Catalpa Hornworm

Nuisance Type:

Plants Affected:

Images of This Insect:

Catalpa sphinx larva (photo: Lacy L. Hyche)

Parasitic wasp cocoons protruding from the Catalpa larva (photo: Lacy L. Hyche)

Catalpa sphinx adult (photo: Lacy L. Hyche)

(a.k.a. Catalpa sphinx larva)


Some catalpa hornworms are black with yellow markings, while others look yellow with black markings.  Both have a prominent, harmless horn at the tail end.  There may be tremendous variation in size and appearance.  The full-grown length is almost 3 inches.  

Life Cycle

There are 1 or 2 generations per summer but the large caterpillars in late summer are the only ones generally noticed. 


The damage, even near-complete defoliation, is of relatively minor significance to the trees.  Trees withstand the infrequent defoliation without lasting harm.  Buds are not hurt and trees re-leaf the following spring as if nothing happened.  This caterpillar is more annoying than damaging.  The full-grown caterpillars crawl from the tree and cover the sidewalk, patio, etc. and annoy (but without really hurting anything).  Fecal pellets are an unpleasant nuisance.  Try to think of them as free "fertilizer."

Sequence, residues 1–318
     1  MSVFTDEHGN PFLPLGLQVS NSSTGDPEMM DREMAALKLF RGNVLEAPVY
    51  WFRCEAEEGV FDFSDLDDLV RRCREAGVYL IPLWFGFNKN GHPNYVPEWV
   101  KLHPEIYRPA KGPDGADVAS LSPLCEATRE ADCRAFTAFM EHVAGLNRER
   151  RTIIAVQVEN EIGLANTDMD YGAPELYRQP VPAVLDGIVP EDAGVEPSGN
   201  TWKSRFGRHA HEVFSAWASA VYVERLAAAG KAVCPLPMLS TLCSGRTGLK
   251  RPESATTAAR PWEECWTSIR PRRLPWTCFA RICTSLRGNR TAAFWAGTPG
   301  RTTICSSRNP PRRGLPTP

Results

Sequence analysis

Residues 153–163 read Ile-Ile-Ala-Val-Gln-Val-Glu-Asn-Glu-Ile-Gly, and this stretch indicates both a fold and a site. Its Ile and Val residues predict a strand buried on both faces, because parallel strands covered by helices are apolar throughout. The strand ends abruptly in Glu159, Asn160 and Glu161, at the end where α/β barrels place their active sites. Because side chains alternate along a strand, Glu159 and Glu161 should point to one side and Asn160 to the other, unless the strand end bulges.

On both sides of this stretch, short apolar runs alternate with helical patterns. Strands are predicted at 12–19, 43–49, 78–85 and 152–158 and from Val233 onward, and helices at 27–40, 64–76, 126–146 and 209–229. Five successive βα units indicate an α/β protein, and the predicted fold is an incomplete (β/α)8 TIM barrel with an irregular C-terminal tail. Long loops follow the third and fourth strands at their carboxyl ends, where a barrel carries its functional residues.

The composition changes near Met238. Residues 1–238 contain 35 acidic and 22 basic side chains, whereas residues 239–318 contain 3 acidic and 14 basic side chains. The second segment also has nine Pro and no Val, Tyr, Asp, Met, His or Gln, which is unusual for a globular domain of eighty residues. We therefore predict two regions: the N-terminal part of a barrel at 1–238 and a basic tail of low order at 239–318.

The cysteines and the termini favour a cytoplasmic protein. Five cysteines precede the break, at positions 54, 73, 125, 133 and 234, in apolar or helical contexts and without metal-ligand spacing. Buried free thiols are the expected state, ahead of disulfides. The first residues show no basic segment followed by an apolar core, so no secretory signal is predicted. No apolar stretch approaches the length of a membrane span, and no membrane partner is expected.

A parasitic wasp attacks the caterpillars when they are numerous.  The parasites live inside the caterpillar for several weeks and then emerge to form white cocoons that protrude from the back of the caterpillar.

Spraying is not advised, especially late in the season.  If most of the caterpillars have reached full size it does more harm than good to spray.  The trees withstand the defoliation, the insecticides are destructive to parasites and other beneficial insects, the caterpillars are difficult to kill and the damage to the tree has already occurred.